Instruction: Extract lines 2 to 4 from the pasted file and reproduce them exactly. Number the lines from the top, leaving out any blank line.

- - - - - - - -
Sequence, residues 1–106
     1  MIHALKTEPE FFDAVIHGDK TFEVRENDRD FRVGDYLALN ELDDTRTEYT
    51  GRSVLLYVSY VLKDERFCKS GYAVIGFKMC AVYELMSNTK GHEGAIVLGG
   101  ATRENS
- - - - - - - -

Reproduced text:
     1  MIHALKTEPE FFDAVIHGDK TFEVRENDRD FRVGDYLALN ELDDTRTEYT
    51  GRSVLLYVSY VLKDERFCKS GYAVIGFKMC AVYELMSNTK GHEGAIVLGG
   101  ATRENS